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MANHUNT CONTINUES: Washington State Police Shooting Suspect Not in Seattle Home

sho.jpgA Seattle police SWAT team this morning swarmed a Leschi home surrounded overnight but did not find suspected cop killer Maurice Clemmons inside.

A murder warrant has been issued for Clemmons, the man suspected of killing four Lakewood police officers Sunday in a Parkland coffee shop, Pierce County sheriff’s spokesman Ed Troyer said.

Police had surrounded the home late Sunday night and Troyer said the search of the house finished shortly after 7 a.m. Officers searched with a robot before SWAT officers moved in.

There is a $125,000 reward for information leading to Clemmons’ capture.

Clemmons was shot and perhaps seriously wounded by one of the slain officers Sunday morning, Troyer said.

“He has suffered a gunshot wound,” Troyer said at a media briefing held just before 3 a.m.

Police know that Clemmons was wounded because they have detained other people — Troyer wouldn’t say how many — who helped Clemmons after the shootings.

At the briefing, Troyer said police now consider Clemmons a suspect, rather than merely a “person of interest.”

Police don’t know the severity of Clemmons’ wound, and Troyer said he may already be dead.

Investigators have no indication that Clemmons had a motive aimed specifically at any of the particular officers who were gunned down, Troyer said.

“He was upset about being incarcerated,” Troyer said. “He was just targeting cops.”

A trailer on the property where police first thought Clemmons was hiding was empty when officers entered it early this morning.

A short time earlier, they had issued an ultimatum for anyone inside the trailer to come out, but got no response.

That was followed by a series of flash-bangs, distraction devices which can temporarily blind a suspect. Discharges of what appeared to be tear gas followed.

SWAT teams and police negotiators had surrounded the house at East Yesler Way and 32nd Avenue South earlier in the day based on tips given to police.

Police responded to the home around 8:44 p.m. Sunday. A woman who was leaving the home was stopped by officers and told them Clemmons was on the property and bleeding.

The woman told police that someone had dropped Clemmons off at his aunt’s home, on East Superior Street.

Clemmons’ sister, Latanya Clemmons, said Sunday night she was near her aunt’s house waiting to see what happens. She also said she and her cousin, Cicely, were trying to call their aunt and Maurice in the house but they were getting no answer.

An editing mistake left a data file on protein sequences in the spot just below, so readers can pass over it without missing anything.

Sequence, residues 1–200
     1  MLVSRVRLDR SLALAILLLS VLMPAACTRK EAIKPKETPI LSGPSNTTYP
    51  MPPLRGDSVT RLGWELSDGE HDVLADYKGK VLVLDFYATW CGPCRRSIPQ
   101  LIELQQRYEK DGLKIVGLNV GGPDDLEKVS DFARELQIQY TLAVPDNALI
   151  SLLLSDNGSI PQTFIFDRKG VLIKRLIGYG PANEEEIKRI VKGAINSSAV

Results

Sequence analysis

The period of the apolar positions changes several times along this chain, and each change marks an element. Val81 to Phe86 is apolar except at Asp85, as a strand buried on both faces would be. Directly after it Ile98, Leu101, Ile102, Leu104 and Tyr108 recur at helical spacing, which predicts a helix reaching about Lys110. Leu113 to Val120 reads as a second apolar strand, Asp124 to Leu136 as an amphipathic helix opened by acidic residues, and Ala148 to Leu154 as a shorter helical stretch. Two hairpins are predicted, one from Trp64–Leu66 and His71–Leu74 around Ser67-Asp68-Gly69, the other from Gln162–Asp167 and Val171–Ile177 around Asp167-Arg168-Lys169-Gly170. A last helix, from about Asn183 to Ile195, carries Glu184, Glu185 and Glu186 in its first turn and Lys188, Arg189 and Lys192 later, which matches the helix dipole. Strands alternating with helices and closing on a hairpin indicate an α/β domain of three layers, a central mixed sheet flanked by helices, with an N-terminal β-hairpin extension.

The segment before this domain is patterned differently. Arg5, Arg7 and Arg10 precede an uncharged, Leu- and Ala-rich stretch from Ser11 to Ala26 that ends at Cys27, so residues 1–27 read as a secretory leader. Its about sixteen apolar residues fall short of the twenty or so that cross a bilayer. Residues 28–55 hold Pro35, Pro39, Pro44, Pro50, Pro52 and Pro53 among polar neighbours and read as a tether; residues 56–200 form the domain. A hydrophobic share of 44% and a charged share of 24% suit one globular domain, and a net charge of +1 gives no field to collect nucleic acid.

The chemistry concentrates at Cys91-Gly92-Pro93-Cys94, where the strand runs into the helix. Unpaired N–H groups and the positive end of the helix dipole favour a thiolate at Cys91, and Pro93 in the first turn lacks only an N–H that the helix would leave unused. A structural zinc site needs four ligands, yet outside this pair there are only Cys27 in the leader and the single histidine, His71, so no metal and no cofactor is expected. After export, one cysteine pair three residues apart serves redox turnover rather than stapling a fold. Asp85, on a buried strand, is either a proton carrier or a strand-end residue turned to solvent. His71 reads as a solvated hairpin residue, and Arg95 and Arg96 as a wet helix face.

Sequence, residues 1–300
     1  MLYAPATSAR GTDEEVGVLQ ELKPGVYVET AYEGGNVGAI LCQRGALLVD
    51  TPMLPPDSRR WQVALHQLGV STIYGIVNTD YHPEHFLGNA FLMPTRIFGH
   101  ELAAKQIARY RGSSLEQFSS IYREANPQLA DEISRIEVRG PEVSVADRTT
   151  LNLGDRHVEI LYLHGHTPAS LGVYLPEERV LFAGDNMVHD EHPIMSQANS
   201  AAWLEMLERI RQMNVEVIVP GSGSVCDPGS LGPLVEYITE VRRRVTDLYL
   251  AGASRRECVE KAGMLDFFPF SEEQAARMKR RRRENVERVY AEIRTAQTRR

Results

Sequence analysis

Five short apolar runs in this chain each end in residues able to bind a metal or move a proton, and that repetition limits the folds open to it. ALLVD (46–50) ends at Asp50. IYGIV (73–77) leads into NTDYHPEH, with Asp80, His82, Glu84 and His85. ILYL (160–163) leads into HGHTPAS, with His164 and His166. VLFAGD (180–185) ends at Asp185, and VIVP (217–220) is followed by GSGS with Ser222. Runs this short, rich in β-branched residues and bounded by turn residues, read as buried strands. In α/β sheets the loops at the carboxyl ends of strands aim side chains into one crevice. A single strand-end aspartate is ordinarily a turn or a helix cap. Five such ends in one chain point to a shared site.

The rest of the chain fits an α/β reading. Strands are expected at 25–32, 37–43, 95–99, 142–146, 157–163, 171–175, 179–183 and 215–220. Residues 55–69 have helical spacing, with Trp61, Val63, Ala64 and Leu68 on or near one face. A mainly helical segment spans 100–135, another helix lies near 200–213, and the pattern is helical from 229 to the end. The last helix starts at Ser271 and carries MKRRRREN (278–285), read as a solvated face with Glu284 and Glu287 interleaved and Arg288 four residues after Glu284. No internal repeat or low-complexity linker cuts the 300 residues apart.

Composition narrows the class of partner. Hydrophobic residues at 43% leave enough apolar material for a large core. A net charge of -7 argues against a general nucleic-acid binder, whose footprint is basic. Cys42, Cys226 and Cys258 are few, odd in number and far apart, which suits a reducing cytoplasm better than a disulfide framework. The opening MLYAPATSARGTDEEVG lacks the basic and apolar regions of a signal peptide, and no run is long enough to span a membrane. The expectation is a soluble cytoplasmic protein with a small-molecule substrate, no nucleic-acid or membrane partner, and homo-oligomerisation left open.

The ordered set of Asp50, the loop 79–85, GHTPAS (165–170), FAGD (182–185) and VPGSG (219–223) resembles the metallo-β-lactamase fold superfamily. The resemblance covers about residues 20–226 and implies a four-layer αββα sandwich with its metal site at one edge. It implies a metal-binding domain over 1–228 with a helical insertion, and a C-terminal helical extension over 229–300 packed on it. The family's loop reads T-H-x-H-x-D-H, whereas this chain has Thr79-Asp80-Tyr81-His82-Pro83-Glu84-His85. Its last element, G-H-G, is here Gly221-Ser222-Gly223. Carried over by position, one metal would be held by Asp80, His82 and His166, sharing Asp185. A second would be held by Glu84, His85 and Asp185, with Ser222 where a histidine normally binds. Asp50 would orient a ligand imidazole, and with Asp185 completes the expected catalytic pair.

Police told residents to stay inside and keep their doors locked.

The series of events leading up to the house in Leschi began more than 16 hours earlier at an upscale coffee shop in Parkland, Pierce County, a hangout for officers that became the scene of the deadliest attack on law enforcement in state history.

Four officers were shot and killed at 8:15 a.m. as they worked on their laptops at Forza Coffee Company in Parkland. The first two officers were “flat-out executed,” while the third tried to stop the gunman and the fourth fired at him, Pierce County sheriff’s spokesman Ed Troyer said.

Those killed were identified as Sgt. Mark Renninger, 39, and officers Ronald Owens, 37, Tina Griswold, 40, and Gregory Richards, 42.

Clemmons has a long criminal record in Arkansas and Washington. He was released from custody in Pierce County just a week ago, and was facing a charge of “abducting” a child. Family members described him as being in a state of mental deterioration. Last spring, he was also accused of punching a sheriff’s deputy in the face.

Sunday’s shootings came as officers from across the state were still coming to terms with last month’s ambush-slaying of Seattle police Officer Timothy Brenton. The two incidents do not appear related, police said.

The coffee shop, in a strip mall across the street from McChord Air Force Base, is favored by officers from several nearby jurisdictions.

Troyer said the scruffy-looking gunman entered the shop, walked past the officers and three or four other customers, and approached the counter.

A young barista asked the man if she could help him, according to Humberto Navarrete, 51, who lives nearby and later spoke to the barista. The man stared at the barista without saying a word and then opened his coat, revealing a handgun, Navarrete said.

The barista and another female barista on duty ran out the back, according to Navarrete. The gunman turned and started shooting at the officers, he said, quoting the women.

“This was a targeted, selective ambush,” Troyer said.

The officers, who made up one patrol unit, were regulars at the coffee shop. They were wearing bulletproof vests and were preparing to start their day shift, Troyer said.

The first two officers apparently had no time to react. The third officer stood up and tried to go for the gunman before being shot, Troyer said. The fourth officer struggled with the gunman, wrestled him out the door and managed to fire off some shots before he, too, was killed, Troyer said.

(Source: Seattle Times)

4 Responses

  1. Police said this afternoon that based on interviews with family and friends who have been assisting the man, they believe him to still be alive. May Hashem deliver the beast into the hands of the police and may he be brought to true justice.

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